• Relax Rewind Release. Before I found Insight Timer, I’d been listening to Relax Rewind Release using my music app’s sleep timer. The podcast has a good variety of guided meditations and a high level of production quality for being free.
  • Coffee Break French. My husband and I are looking forward to visiting Europe in 2022 (fingers crossed), so 2021 seemed like a good time to brush up on my French language studies, which I haven’t touched since high school. These free podcasts are structured around you hearing and repeating back the phrases to practice comprehension and pronunciation. The Coffee Break series also has Spanish, German, Chinese, and other language podcasts.


  • Broadchurch S1. Apparently I’ve been sleeping on this gem of a show since it came out in 2013. It’s got David Tennant and Olivia Coleman as leads, and the mystery and acting are top-notch. I would recommend this show to basically anyone who enjoys long-form TV, but be warned that it does deal with difficult topics, including harm to children. It’s not on any streaming services that I had access to, but I was able to get the DVDs from my local library.
  • The Witcher S2. (Netflix) This season was even better than the first in my opinion. The characterization is great, and I really liked seeing Ciri come into her own. You probably already know if you like The Witcher, and the latest episodes did not disappoint.
  • North and South. The BBC 2004 mini-series is like Pride and Prejudice but with more class struggle and commentary on capitalism and labor, and it’s because of these additional dimensions that I think I like it more than any of the P&P adaptations. This is another one I had to borrow from my local library.

Video Games

  • ​Hearts of Iron IV. (PC) Count this one as a problematic fave. This is the WW2 entry of the grand strategy games by Paradox, which includes Crusader Kings, Europa Universalis, and Victoria. I mainly enjoy these games for the alternative history component: what if Japan had gone Democratic in the late 1930s? What if Turkey went communist, or the Romanovs had returned to take back Russia from the Soviets? The game has served as a springboard for learning more about the period, but I don’t think it goes far enough to get players thinking critically about what the various playable states are doing from a human rights perspective.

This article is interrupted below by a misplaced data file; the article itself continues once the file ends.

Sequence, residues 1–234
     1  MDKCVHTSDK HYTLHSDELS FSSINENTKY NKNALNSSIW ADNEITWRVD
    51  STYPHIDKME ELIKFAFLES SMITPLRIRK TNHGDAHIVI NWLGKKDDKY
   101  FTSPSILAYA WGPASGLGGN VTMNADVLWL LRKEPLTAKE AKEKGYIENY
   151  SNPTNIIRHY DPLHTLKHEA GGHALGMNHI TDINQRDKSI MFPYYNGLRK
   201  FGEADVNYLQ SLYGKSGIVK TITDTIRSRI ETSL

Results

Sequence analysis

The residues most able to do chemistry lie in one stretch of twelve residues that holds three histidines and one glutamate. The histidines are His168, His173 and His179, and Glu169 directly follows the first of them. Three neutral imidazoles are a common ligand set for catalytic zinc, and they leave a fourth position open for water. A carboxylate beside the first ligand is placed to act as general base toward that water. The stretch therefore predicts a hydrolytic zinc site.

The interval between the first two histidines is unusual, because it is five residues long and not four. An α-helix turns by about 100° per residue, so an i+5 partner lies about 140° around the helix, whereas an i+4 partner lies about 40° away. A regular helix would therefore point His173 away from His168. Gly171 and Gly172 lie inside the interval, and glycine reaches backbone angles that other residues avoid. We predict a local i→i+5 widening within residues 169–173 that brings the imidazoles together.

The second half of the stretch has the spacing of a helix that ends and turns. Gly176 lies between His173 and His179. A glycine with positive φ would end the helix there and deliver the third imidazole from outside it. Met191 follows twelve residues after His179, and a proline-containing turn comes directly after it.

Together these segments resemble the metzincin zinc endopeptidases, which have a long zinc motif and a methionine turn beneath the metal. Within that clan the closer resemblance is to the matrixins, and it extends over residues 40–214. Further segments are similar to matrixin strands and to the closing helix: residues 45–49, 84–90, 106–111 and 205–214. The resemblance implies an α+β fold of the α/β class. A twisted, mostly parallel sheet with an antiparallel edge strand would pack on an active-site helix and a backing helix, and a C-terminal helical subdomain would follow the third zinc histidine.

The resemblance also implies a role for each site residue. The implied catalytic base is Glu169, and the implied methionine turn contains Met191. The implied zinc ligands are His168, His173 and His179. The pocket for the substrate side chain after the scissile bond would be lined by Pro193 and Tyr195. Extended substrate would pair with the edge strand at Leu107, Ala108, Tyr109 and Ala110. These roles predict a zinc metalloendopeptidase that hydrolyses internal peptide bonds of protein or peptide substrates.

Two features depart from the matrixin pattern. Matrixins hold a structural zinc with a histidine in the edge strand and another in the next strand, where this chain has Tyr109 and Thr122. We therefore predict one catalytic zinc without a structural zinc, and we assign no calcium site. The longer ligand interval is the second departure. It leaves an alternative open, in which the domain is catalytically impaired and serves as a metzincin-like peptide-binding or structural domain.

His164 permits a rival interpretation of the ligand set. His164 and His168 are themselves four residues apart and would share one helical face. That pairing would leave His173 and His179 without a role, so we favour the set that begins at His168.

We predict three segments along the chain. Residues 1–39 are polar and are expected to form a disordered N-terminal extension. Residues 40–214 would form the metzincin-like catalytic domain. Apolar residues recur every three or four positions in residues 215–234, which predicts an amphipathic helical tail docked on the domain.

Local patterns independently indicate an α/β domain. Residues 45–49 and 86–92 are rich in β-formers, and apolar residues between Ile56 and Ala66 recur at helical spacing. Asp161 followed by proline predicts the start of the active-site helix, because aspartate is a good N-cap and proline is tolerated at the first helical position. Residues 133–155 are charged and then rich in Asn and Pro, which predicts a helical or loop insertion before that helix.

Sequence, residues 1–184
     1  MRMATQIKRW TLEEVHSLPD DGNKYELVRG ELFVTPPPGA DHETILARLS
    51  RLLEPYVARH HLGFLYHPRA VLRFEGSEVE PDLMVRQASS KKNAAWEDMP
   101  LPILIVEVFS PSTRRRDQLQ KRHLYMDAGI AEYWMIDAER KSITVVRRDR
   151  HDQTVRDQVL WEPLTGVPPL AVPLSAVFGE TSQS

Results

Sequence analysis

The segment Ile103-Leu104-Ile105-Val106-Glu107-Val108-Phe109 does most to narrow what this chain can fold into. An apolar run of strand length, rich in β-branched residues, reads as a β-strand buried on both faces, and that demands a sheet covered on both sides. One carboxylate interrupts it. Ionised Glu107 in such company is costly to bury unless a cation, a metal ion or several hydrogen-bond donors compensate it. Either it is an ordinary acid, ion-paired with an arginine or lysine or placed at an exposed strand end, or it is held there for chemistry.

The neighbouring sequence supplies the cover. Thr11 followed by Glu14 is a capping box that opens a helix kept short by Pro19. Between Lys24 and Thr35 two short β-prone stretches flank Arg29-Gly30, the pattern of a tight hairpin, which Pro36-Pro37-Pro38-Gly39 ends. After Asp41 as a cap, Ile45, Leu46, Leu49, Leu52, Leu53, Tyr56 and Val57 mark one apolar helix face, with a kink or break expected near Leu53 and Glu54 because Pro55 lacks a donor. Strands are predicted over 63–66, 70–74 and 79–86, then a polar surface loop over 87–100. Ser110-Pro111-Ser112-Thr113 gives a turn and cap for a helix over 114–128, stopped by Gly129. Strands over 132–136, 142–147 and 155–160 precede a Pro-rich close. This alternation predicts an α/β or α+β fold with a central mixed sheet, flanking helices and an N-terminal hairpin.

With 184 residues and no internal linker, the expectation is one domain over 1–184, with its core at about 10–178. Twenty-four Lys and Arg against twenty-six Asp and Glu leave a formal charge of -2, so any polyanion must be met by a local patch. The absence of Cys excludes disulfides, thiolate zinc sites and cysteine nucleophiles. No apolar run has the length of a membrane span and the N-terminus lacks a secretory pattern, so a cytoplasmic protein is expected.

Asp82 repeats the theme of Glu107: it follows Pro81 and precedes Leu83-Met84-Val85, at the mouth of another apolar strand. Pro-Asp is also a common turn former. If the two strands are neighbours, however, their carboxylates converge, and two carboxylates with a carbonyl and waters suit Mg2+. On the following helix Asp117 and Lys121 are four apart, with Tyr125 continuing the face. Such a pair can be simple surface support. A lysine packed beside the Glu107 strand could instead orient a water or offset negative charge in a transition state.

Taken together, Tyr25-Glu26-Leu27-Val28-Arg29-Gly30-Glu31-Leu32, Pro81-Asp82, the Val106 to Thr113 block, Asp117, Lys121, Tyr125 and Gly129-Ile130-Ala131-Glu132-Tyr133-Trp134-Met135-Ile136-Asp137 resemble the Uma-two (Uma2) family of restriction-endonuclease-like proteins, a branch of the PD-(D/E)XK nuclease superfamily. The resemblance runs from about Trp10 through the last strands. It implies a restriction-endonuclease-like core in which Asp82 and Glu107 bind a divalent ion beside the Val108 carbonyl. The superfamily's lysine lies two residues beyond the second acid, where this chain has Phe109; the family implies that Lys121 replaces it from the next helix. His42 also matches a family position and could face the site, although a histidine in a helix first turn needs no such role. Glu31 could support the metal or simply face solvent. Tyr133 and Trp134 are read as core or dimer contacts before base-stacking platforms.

• Trials of Mana. (PS4) This was a serious nostalgia bomb after having played Seiken Densetsu 3 as a teen. This did for JRPGs what Dragon Age: Origins did for CRPGs, in my opinion. You can play through six different characters’ origin stories, all of which feed into the overarching plot, but you can only select three to comprise your party and the game’s ending depends on which main character you chose. I thought the dev team did a great job updating the gameplay to evoke the SNES game’s action but with a level of complexity suitable for modern consoles. It’s a huge shame that this game didn’t ship with couch co-op, which could have made this classic a must-buy JRPG for this generation of consoles.
  • World of Warcraft Classic. (PC) Another problematic fave. In the beginning months of 2021, before we had access to vaccines, MMOs were an appealing way of staying connected to friends virtually. It was fascinating to revisit the game after fifteen years, this time with a background in narrative and game design. I could finally appreciate the work put in by the quest designers, as well as the care taken by the writers to evolve the metaplot of the various zones and factions. After the state of California brought its lawsuit against Activision-Blizzard, however, I chose to cancel my subscription.